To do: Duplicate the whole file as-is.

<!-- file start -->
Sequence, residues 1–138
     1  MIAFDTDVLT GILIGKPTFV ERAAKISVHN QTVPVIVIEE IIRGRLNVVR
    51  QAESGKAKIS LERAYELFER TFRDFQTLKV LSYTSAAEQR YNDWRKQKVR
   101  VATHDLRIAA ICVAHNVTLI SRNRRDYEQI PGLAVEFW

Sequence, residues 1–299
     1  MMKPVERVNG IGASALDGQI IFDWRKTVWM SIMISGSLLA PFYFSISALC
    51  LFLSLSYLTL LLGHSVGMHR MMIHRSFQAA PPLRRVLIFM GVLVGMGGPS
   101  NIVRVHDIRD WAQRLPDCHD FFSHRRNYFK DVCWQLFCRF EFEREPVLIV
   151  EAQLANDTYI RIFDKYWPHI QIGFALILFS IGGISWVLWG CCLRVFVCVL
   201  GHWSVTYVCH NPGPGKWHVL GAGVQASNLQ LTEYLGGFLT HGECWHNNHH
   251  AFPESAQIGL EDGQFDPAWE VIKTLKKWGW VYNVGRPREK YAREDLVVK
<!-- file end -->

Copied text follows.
Sequence, residues 1–138
     1  MIAFDTDVLT GILIGKPTFV ERAAKISVHN QTVPVIVIEE IIRGRLNVVR
    51  QAESGKAKIS LERAYELFER TFRDFQTLKV LSYTSAAEQR YNDWRKQKVR
   101  VATHDLRIAA ICVAHNVTLI SRNRRDYEQI PGLAVEFW

Sequence, residues 1–299
     1  MMKPVERVNG IGASALDGQI IFDWRKTVWM SIMISGSLLA PFYFSISALC
    51  LFLSLSYLTL LLGHSVGMHR MMIHRSFQAA PPLRRVLIFM GVLVGMGGPS
   101  NIVRVHDIRD WAQRLPDCHD FFSHRRNYFK DVCWQLFCRF EFEREPVLIV
   151  EAQLANDTYI RIFDKYWPHI QIGFALILFS IGGISWVLWG CCLRVFVCVL
   201  GHWSVTYVCH NPGPGKWHVL GAGVQASNLQ LTEYLGGFLT HGECWHNNHH
   251  AFPESAQIGL EDGQFDPAWE VIKTLKKWGW VYNVGRPREK YAREDLVVK